Here's when you can help design Ottawa's new central library

Architect Don Schmitt is in Ottawa this week to launch what appears to be an extensive public engagement program for designing the new super-library, a unique partnership between the city and Library and Archives Canada.

Public consultations on the $192M project start in 3 weeks

Architect Don Schmitt is in Ottawa this week to help launch the public engagement program on the design of the new public library. (CBC/Joanne Chianello)

The dispute over the location is behind us, the $192 million is committed by two levels of government, and now the fun part — deciding what the new central library will look like and, perhaps more importantly, the sorts of spaces and services it will offer the public. 

Architect Don Schmitt is in Ottawa this week to launch what appears to be an extensive public engagement program for designing the new super-library, a unique partnership between the city and Library and Archives Canada. 

The first of a series of workshops is set to begin at the end of the month: one on Feb. 28 at City Hall and another on March 2 at a location that's to be determined.

This initial consultation will begin with the architectural team describing the location — near LRT, on the edge of LeBreton Flats, near the Parliamentary precinct — and presenting three concepts for the new building.

After the presentation, participants will split up into groups to discuss what they want.

Part of the site of the new central library at 555 Albert St. is still being used to stage the LRT construction. (Trevor Pritchard/CBC)

"It is a blank slate, in that we really haven't begun the conversation with the community and we think that's of fundamental importance," said Schmitt, a partner with Diamond Schmitt Architects, which won the design bid for the new library in partnership with Ottawa's KWC Architects.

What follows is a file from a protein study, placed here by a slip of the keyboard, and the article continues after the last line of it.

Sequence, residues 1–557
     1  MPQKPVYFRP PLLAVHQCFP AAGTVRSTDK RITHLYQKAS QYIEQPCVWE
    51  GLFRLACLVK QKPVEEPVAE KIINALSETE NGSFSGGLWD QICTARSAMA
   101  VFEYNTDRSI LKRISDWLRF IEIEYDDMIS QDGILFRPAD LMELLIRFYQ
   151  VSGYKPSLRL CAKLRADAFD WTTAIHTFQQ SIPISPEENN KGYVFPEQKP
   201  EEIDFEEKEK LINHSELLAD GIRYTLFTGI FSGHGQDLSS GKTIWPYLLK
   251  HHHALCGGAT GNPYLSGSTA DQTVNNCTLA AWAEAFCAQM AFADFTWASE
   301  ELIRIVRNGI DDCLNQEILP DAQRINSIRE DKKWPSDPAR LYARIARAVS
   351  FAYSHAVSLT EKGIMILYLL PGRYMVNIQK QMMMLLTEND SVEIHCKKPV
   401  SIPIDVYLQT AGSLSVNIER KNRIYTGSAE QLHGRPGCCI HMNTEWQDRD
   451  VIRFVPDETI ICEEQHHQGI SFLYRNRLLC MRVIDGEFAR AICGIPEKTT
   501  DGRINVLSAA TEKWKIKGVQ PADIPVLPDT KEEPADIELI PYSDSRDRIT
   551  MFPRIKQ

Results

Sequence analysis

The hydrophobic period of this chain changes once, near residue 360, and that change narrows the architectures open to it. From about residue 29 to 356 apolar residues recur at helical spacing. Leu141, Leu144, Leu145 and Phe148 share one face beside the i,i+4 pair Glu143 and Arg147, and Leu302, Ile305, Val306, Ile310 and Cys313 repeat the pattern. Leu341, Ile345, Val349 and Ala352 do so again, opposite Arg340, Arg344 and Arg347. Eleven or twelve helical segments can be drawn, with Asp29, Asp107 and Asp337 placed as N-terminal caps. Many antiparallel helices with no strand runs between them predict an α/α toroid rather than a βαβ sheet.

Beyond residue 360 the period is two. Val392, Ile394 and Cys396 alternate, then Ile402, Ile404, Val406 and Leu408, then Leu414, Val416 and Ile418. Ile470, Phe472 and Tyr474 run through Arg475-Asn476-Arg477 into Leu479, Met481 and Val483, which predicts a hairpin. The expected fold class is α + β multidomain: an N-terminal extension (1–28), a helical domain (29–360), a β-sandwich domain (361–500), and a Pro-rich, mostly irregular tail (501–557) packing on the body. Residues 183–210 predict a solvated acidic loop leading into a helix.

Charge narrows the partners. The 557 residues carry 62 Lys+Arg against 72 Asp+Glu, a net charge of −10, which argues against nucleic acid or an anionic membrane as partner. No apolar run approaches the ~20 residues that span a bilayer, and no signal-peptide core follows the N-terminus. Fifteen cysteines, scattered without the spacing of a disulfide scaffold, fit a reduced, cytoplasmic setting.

"That said, we're architects and we think with our drawing pencils. We absolutely have ideas … but those are ideas to be debated, to be talked about, to be turned on their head, upside down and sideways."

Makeup in the stacks?

Public libraries around the world are transforming from whisper-only repositories of books to community hubs with meeting spaces, social services, even access to music and video-recording studios.

Schmitt told the Ottawa Public Library Board Tuesday evening about a library in Denmark that includes a make-up table for where young people can get ready in a group before heading out on a Saturday night.

"The point of those crazy opportunities is [to do] what makes sense here," said Schmitt, vowing to reach out to communities who don't always volunteer for workshop-type events. 

A new central library, which has a federal component due to the partnership with the archives, must be a landmark building that is still accessible to the people of the city, said the Toronto-based architect.

He also argued it should should set an example for sustainability, achieving at least a LEED Gold certification, although he would like to to see the new public space be a net-zero energy building.

The current main branch at Metcalfe and Laurier will be sold when the new central library opens. (Danny Globerman/CBC)

Sign up for workshop starting Friday

Other workshops will be held later in the year to further refine the vision for the library.

The design team will also consult directly with Indigenous people.

The "Inspire555 Series", named after the address of the new library at 555 Albert St., will also include pop-up mini-consultations across the country, online questionnaires and lectures. 

The final design of the new library will be presented in late 2019.

Starting Friday, the public can register for one of the two workshops at


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